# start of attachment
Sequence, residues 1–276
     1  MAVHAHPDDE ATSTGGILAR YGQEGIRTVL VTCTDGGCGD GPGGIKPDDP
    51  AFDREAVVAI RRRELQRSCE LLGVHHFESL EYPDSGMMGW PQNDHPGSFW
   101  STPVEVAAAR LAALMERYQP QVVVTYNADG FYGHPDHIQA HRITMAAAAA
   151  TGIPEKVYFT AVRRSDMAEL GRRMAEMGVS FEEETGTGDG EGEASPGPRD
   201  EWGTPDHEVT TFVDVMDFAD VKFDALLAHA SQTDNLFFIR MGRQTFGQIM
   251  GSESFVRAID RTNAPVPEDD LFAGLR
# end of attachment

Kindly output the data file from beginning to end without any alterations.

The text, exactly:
Sequence, residues 1–276
     1  MAVHAHPDDE ATSTGGILAR YGQEGIRTVL VTCTDGGCGD GPGGIKPDDP
    51  AFDREAVVAI RRRELQRSCE LLGVHHFESL EYPDSGMMGW PQNDHPGSFW
   101  STPVEVAAAR LAALMERYQP QVVVTYNADG FYGHPDHIQA HRITMAAAAA
   151  TGIPEKVYFT AVRRSDMAEL GRRMAEMGVS FEEETGTGDG EGEASPGPRD
   201  EWGTPDHEVT TFVDVMDFAD VKFDALLAHA SQTDNLFFIR MGRQTFGQIM
   251  GSESFVRAID RTNAPVPEDD LFAGLR